The Development Source

Getting Business with Proposals

Companies develop proposals to local, state, or federal agencies for one and one reason only:  they want to receive a contract to provide goods or services.  Selling to the government may involve different procedures than selling in the private sector, but the basic principles are still the same.  They are fairly simple and straightforward, but they make the difference between winning or not winning government contracts.

 According to Pursuit Communications (, there are six truths that businesses need to keep in mind from the beginning.  If you can get these truths right, you will be in a better position to develop a successful proposal to a government agency. 

 Keep these questions in mind as you get ready to bid:

 What do I know about my target government agency?

Learn the mission of the government agency.  Identify their current issues, challenges, and problems.  Learn what keeps them up at night worrying.  Because your proposal will be tailored to a specific agency, you must understand how to align yourself with your potential funder.

 Why would they want to buy from me?

You need to understand what your potential customer wants, not what you have to offer.  Ask yourself how your product or service differs from the competition.  If it does not, then you will have trouble developing a successful proposal.

 When should I talk with them?

Cold calls are notoriously difficult sales challenges.  So are cold proposals.  You need to decide when to talk with your government agency at the right moment in the bid cycle.  You cannot talk once the Request for Proposals (RFP) appears.  Find ways to help them learn about you and how you can help them.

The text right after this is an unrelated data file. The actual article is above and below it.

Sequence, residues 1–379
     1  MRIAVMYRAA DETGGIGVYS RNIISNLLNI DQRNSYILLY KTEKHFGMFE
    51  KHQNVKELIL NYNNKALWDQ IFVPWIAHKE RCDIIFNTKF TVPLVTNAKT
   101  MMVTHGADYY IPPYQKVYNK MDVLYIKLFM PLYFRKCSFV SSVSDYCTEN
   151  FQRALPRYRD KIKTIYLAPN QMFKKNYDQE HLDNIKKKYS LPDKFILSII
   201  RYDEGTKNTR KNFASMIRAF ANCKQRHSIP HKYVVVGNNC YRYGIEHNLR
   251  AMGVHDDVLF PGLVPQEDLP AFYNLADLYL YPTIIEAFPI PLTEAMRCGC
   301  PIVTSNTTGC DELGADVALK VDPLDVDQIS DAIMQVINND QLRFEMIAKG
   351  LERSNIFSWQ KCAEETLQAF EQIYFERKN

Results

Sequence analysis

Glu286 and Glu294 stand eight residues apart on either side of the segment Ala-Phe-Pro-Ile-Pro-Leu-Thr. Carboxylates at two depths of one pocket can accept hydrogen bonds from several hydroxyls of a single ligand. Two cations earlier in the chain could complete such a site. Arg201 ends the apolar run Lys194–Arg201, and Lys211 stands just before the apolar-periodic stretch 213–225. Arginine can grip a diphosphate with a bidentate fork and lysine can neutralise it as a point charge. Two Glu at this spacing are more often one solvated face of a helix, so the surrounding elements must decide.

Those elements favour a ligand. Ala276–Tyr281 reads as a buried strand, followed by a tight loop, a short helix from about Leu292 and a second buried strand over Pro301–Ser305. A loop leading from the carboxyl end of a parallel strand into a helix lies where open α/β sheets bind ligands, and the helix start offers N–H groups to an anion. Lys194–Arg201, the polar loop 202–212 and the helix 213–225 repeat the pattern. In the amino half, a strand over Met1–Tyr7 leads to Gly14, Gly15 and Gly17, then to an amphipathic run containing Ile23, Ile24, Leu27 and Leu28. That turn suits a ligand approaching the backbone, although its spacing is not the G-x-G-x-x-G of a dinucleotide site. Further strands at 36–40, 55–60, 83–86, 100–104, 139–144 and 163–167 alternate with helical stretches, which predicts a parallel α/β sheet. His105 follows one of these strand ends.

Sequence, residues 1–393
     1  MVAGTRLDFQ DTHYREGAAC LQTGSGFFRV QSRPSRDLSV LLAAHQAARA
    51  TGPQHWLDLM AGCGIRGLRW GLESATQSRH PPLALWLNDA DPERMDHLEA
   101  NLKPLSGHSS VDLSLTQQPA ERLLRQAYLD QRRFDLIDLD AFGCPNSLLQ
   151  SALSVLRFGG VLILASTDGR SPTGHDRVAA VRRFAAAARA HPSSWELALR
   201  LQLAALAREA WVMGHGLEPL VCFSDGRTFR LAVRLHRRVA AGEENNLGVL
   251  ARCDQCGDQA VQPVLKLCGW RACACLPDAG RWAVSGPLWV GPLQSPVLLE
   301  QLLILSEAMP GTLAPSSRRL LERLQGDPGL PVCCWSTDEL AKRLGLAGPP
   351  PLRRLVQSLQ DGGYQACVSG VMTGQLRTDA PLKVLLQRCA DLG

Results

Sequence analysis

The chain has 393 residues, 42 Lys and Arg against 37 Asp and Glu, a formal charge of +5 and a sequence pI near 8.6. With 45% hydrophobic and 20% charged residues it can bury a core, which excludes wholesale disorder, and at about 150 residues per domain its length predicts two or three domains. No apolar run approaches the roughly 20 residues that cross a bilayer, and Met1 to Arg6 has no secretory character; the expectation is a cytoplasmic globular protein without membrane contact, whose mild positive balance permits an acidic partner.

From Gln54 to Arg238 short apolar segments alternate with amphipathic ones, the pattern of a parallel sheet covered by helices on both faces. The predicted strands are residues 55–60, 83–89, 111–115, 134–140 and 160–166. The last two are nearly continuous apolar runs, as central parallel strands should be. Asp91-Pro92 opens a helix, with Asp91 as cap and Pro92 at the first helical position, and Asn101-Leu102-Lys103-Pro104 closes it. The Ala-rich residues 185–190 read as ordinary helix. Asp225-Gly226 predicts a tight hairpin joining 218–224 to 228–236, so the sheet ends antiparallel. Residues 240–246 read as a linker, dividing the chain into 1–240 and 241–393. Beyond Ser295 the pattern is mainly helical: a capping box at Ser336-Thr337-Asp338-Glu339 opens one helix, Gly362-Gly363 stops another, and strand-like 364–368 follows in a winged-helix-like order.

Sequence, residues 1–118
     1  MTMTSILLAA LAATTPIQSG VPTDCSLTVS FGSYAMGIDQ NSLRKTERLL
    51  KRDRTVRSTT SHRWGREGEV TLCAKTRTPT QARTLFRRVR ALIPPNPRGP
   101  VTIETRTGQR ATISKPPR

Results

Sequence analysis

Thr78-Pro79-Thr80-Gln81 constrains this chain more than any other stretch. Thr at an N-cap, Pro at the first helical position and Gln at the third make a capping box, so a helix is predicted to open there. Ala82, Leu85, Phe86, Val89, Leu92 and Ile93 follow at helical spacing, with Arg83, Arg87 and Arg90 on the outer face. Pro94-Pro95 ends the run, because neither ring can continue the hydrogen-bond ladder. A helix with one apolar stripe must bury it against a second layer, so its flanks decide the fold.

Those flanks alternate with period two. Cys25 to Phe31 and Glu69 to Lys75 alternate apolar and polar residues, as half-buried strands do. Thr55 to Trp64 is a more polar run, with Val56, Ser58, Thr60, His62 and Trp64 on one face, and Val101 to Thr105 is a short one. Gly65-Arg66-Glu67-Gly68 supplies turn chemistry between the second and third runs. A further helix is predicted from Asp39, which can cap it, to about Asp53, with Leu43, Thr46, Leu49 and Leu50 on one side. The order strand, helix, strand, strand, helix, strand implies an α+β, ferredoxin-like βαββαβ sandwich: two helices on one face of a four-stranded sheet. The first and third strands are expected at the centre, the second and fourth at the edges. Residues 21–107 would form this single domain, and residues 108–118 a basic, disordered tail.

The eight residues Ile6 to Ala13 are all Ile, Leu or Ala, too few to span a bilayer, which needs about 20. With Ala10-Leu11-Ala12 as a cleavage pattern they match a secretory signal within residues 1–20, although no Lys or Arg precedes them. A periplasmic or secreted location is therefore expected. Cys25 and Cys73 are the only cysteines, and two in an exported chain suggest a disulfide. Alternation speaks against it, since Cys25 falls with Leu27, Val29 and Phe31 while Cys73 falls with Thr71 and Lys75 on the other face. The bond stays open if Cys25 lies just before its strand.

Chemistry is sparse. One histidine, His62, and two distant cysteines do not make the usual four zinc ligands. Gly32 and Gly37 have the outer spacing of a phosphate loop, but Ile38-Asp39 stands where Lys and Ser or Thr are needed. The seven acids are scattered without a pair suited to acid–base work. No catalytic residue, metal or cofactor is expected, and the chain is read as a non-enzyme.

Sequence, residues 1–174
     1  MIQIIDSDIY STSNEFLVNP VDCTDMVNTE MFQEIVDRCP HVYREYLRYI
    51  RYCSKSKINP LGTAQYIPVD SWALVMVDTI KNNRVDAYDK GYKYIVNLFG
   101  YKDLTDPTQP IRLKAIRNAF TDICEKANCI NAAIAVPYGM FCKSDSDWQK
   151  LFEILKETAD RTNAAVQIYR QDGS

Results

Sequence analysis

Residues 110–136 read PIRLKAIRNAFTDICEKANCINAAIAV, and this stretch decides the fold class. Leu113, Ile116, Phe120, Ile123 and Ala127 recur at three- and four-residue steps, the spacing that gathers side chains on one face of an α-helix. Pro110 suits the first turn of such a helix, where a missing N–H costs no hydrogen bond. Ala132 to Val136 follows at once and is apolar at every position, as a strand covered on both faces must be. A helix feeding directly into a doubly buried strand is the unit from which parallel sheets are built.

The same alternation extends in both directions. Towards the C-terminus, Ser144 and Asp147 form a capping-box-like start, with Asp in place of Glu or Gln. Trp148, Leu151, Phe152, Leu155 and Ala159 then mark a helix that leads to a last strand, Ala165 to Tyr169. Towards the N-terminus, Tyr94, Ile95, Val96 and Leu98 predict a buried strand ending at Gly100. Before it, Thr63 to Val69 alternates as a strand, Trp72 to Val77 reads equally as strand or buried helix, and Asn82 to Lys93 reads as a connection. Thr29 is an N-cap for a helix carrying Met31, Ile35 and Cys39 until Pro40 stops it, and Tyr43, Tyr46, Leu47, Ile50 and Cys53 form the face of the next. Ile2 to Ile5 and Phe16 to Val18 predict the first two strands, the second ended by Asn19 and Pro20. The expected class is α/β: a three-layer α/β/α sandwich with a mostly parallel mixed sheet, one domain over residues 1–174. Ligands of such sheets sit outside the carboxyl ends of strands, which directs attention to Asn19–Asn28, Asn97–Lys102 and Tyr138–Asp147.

How will I engage with them?

The answer is simple – you must find ways to align yourself with an agency’s mission, issues, and challenges or there will be no connection.  If you cannot make a meaningful connection, you should not submit a proposal.

 Where can your company add real value?

Peter Drucker once said that the goal of any business is to create new customers.  You must find a way you match the strengths of your product or service with the needs of a government agency.  Again, alignment is the key.

 Who are the decision-makers?

You have limited time, resources, and energy.  Figure out who you really need to talk to at a government agency.  Your goals should be to gather information about a potential bid and present your company as a potential partner.

 Keep in mind that proposals are sales documents.  To make a sale, you must know your customer really well and your customer must know, trust, and respect you.  Figure out how to make that connection and your proposals will be much more competitive.

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